The control of upper body segment speed and velocity during the golf swing
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Understanding the dynamics of upper body motion during the downswing is an important step in determining the control strategies required for a successful and repeatable golf swing. The purpose of this study was to examine the relationship between head, thorax, and pelvis motion, during the downswing of professional golfers. Three-dimensional data were collected for 14 male professional golfers (age 27 ^ 8 years, golf-playing experience 13.3 ^ 8 years) using an optical motion analysis system. The amplitude and timing of peak speed and peak velocities were calculated for the head, thorax, and pelvis during the downswing. Cross-correlation analysis was used to examine the strength of coupling and phasing between and within segments. The results indicated the thorax segment had the highest peak speeds and peak velocities for the upper body during the downswing. A strong coupling relationship was evident between the thorax and pelvis (average R2 젰.92 across all directions), while the head and thorax showed a much more variable relationship (average R2 젰.76 across all directions). The strong coupling between the thorax and pelvis is possibly a method for simplifying the motor control strategy used during the downswing, and a way of ensuring consistent motor patterns.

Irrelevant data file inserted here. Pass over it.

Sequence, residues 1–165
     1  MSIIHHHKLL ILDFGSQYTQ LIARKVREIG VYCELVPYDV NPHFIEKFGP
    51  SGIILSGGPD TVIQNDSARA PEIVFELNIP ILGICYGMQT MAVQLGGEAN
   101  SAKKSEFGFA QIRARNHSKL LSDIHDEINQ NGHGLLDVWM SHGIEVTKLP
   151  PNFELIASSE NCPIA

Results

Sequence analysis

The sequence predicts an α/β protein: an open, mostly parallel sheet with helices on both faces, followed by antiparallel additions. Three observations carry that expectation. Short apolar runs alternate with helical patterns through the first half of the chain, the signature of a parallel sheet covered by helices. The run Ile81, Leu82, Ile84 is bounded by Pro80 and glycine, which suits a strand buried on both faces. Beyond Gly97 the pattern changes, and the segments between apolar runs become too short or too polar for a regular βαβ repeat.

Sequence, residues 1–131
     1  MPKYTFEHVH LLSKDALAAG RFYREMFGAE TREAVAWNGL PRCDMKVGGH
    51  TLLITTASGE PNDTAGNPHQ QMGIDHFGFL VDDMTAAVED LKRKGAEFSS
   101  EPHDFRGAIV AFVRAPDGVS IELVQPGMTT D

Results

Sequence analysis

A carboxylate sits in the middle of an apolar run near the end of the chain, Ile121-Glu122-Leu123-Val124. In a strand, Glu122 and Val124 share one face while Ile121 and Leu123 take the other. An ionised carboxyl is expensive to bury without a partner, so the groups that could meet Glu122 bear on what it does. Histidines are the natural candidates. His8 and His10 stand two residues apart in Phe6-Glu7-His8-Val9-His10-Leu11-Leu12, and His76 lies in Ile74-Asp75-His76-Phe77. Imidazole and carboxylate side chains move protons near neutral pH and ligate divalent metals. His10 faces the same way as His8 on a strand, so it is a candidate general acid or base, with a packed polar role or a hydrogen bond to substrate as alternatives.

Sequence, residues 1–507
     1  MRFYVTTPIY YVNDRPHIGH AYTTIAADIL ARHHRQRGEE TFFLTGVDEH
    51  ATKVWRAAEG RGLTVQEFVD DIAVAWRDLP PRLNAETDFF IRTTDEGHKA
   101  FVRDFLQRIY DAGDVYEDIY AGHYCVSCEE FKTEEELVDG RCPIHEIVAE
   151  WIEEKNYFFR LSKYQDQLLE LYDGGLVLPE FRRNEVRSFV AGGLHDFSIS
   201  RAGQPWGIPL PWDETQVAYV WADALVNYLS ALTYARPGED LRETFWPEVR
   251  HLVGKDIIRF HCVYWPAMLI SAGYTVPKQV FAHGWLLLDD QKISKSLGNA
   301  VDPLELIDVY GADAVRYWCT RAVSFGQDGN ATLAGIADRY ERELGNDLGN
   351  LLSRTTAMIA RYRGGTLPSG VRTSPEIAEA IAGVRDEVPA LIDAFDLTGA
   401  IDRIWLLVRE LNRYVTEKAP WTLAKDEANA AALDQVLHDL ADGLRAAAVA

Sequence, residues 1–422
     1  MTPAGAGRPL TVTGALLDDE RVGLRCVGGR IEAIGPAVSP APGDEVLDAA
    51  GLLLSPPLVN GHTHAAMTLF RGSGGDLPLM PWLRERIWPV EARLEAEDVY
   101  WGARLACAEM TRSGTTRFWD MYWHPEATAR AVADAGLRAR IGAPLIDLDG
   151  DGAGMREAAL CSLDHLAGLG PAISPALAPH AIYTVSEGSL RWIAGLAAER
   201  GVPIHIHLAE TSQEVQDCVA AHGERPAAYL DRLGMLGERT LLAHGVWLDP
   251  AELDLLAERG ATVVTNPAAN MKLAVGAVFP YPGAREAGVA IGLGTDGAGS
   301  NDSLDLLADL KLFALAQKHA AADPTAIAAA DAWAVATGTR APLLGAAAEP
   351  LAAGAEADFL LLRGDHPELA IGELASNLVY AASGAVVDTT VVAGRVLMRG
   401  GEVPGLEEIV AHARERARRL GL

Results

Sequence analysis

© 2012 Taylor & Francis. This is an electronic version of an article published in Sports Biomechanics, Volume 11, Issue 2, 2012, Pages 165-174. Sports Biomechanics is available online at: http://www.tandfonline.com with the open URL of your article.